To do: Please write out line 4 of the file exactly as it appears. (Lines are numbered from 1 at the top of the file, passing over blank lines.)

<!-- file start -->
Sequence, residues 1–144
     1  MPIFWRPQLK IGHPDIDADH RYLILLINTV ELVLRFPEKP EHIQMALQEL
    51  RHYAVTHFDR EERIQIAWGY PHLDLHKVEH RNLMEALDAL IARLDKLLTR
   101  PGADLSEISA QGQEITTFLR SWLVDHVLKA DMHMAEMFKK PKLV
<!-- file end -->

   101  PGADLSEISA QGQEITTFLR SWLVDHVLKA DMHMAEMFKK PKLV